KANSAS CITY, Mo. – Ten years after firing Sean McDermott as his defensive coordinator, Kansas City Chiefs coach Andy Reid will stare across the field inside Arrowhead Stadium on Sunday and see his protégé trying to spoil his hopes of a Super Bowl repeat.
Funny thing: Even after firing him, Reid suspected deep down that McDermott was destined for big things.
“Very organized, very smart and very tough,” he explained this week. “He came from a coaching family — his dad was a heck of a coach. Sean just kind of picked up right from there. Very solid, very good.”
In fact, downright exceptional.
McDermott has the long-suffering Buffalo Bills playing in their first AFC championship game since beating Kansas City on Jan. 23, 1994, when they advanced to their fourth straight Super Bowl. They have won 11 of their past 12 games since losing to the Chiefs in Week 6, beating the Colts in the wild-card round and the Ravens in last week's divisional round.
“He deserves coach of the year, man. He's taken a franchise there, both he and his general manager, have put this thing together with some bold moves and production now,” Reid said.
“I think he's done a tremendous job. What a great thing for the NFL and for Buffalo. They love football in Buffalo and he's really done a nice job with that whole program.”
Not surprisingly, the job McDermott has done with the Bills neatly parallels the job Reid has done in Kansas City.
Both took over downtrodden organizations and quickly built them into juggernauts. Both have bright young quarterbacks in the Bills' Josh Allen and the Chiefs' Patrick Mahomes. Both have surrounded them with playmakers, such as the Bills' Stefon Diggs and the Chiefs' Tyreek Hill and Travis Kelce. And both have built defenses to not only complement two of the best offenses in the NFL, but capable of clinching wins under pressure, as each did last weekend.
Mahomes, who sustained a concussion last week against Cleveland, is poised to play after practicing all week.
McDermott never harbored any animosity toward Reid when he was fired from the Eagles on Jan. 15, 2011. Instead, he went to Carolina and over the next five years honed his craft and built his reputation to the point the Bills — who at the time had not made the postseason since 1999 — were willing to give him a shot in charge.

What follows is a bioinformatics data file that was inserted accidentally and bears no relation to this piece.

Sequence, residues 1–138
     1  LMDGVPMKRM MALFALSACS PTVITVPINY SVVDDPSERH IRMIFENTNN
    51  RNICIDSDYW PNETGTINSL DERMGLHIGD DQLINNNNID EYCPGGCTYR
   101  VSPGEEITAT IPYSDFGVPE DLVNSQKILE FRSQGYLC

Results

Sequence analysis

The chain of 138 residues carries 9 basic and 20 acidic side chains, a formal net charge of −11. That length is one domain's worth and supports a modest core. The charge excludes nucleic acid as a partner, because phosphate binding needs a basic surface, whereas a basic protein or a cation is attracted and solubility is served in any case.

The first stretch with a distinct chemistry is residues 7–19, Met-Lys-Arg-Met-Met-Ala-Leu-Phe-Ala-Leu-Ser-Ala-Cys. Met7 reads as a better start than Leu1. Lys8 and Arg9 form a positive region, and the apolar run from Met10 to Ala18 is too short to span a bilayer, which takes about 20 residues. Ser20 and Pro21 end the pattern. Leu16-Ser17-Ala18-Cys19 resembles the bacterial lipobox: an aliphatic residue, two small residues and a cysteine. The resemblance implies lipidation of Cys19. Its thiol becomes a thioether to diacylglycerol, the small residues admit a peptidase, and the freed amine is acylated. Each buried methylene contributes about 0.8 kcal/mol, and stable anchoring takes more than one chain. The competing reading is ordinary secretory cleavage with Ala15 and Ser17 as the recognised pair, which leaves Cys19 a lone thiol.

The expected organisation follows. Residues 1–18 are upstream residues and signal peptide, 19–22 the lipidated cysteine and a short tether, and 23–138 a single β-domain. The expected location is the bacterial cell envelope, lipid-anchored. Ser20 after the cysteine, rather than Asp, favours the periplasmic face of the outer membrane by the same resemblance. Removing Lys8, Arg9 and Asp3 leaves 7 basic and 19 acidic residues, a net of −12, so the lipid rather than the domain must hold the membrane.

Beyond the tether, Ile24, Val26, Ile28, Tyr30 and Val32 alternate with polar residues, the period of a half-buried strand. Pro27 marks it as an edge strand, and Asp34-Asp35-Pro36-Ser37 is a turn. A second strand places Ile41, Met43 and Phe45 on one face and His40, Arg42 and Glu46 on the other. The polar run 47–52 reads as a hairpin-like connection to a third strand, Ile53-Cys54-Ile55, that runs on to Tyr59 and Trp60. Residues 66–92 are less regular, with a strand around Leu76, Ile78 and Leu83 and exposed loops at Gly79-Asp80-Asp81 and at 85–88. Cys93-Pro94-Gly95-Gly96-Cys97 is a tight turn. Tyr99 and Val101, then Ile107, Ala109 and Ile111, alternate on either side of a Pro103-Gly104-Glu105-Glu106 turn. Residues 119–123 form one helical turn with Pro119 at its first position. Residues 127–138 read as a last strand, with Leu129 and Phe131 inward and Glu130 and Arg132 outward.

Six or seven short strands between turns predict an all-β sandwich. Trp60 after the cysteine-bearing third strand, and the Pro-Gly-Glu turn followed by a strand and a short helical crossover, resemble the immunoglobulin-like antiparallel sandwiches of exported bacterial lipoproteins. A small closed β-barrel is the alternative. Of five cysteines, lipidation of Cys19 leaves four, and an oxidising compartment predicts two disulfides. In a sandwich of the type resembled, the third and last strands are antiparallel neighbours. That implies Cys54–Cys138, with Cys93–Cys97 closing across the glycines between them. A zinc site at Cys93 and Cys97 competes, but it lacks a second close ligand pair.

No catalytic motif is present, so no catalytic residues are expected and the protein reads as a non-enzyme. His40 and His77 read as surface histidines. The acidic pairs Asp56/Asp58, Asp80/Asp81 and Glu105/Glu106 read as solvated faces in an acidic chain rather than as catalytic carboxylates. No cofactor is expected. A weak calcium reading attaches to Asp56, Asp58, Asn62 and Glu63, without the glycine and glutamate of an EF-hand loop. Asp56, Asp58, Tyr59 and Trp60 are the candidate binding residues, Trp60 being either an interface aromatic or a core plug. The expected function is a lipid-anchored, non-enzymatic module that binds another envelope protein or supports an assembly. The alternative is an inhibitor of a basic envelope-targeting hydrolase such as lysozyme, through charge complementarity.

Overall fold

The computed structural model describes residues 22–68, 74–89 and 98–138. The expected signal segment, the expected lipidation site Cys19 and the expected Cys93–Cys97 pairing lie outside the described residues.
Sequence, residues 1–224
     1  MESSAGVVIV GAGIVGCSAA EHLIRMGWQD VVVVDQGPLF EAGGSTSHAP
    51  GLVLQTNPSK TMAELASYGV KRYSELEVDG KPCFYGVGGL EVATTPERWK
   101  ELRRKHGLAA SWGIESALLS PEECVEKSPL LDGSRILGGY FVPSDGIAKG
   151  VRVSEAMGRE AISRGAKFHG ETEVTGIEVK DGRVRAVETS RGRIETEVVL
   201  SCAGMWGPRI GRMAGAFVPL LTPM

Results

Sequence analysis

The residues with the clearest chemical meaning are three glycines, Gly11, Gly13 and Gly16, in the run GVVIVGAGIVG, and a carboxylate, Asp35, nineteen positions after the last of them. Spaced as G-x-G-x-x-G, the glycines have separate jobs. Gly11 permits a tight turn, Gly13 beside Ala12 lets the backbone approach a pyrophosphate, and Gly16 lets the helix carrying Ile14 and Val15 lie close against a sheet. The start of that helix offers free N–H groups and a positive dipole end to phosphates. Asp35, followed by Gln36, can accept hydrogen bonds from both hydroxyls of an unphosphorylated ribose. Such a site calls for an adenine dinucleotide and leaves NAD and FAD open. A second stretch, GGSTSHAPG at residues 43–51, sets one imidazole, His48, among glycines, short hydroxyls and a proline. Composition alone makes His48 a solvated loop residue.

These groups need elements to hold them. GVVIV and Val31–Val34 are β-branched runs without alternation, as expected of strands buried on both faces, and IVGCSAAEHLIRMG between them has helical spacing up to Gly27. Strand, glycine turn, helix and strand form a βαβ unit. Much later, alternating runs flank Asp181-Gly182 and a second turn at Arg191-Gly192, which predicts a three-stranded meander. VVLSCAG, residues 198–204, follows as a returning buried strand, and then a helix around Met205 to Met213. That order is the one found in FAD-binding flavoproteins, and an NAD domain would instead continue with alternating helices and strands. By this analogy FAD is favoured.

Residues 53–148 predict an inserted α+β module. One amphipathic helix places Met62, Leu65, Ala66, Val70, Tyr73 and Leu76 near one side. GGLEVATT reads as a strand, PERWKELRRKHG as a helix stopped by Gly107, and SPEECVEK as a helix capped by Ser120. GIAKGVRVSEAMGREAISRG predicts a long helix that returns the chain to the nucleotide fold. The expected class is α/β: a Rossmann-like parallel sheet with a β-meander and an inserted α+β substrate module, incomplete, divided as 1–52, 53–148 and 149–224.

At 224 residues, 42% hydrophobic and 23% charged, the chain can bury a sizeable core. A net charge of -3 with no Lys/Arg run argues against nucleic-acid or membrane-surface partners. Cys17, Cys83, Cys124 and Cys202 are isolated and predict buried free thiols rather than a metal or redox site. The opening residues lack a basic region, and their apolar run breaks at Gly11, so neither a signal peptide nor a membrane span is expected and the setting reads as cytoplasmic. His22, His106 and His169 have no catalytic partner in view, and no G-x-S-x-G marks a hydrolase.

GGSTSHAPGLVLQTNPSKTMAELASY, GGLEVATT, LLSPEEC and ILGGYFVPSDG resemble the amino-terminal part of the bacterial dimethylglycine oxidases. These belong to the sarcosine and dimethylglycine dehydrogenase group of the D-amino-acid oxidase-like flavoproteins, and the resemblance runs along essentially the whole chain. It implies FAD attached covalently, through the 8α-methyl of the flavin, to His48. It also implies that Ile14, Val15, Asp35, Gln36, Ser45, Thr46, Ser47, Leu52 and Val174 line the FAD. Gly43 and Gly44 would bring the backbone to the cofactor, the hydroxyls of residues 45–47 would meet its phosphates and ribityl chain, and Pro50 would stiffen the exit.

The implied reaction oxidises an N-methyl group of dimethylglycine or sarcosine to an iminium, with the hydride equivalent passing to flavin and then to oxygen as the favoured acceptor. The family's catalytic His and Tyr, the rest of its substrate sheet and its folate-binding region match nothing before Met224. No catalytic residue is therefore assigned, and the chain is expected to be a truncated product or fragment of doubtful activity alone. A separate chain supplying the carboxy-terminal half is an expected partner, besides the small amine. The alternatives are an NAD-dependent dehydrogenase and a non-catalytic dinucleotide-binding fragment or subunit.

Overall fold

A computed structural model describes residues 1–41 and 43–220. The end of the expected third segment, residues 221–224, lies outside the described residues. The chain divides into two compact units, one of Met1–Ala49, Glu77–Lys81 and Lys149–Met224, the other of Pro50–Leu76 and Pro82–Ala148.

Buffalo reached the wild-card round in 2017 and again last year before reaching the brink of a Super Bowl this season.
“It's always an honor to go up against great coaches, and Andy will be a Hall of Fame coach here in the future sometime down the road,” McDermott said. “I've learned a lot from Andy in my time with him in Philadelphia, so I have a tremendous amount of respect for him and his family, the way they helped guide me then and still do today.”
MOMENT ON MAHOMES
The Chiefs' quarterback, who was knocked out of last week's game against Cleveland with a concussion, was cleared to practice on Wednesday and took the majority of first-team reps Thursday. Mahomes still needed clearance from team doctors and an independent neurologist, but all signs pointed to him being under center on Sunday.
“The goal is to have Patrick,” Hill said, “but I really don't know. I feel like it doesn't matter who is out there. Whoever steps in at quarterback, we're going to put our confidence behind them in the same way.”
OTHER CHIEF CONCERNS
Chiefs cornerback Bashaud Breeland, who also sustained a concussion last Sunday, practiced this week while awaiting clearance from doctors and neurologists. Running back Le'Veon Bell was held out Thursday because of a swollen knee.
On the flip side, Clyde Edwards-Helaire could return for the first time since a high-ankle sprain in Week 15 and Sammy Watkins could be back from a calf injury that he sustained the following week. The rookie running back and the veteran wide receiver both practiced this week and moved around well in the portion of practice open to reporters.
The Bills don’t run often — in fact, they called just one running play in the first half against the Ravens last week. They finished with 16 carries, including four kneel-downs by Allen, for 32 yards in their lowest rushing output since a game in Minnesota in 2002. The Bills' total of 1,482 yards this season was their fewest since 2014, which they balanced out by setting a franchise record with 4,786 yards through the air.
“We’re not going to change who we are,” Allen said. “It’s the biggest game because it’s the next one, but we understand that we don’t have to be anyone different that who we are.”
Though the Bills would love to have Star Lotulelei enjoy this playoff run with them, cornerback Tre’Davious White and several teammates continued backing the starting defensive tackle’s decision to opt out because of COVID-19 concerns.
“You can’t make a wrong decision in this thing,” said White, who contemplated opting out before signing a $70 million, four-year extension in September and earning second-team All-Pro honors. “Obviously he chose his family over a game and the things that he had going on. I don’t think that he’s necessarily missing out on anything.”
SLEEPING ON BIENIEMY
One of the hottest names on the coaching carousel was Chiefs offensive coordinator Eric Bieniemy, who interviewed with just about every team with an opening. But the only job left after the Eagles hired Nick Sirianni on Thursday was with the Houston Texans, where the Bills' Leslie Frazier is also among the front-runners for the job.
"It's always good to be mentioned and have an opportunity to pursue your dreams," Bieniemy said. “I want to be a head coach, but when it's said and done, I have to make sure I'm not taking away from the goals were trying to accomplish.”
AP Sports Writer John Wawrow contributed to this report.
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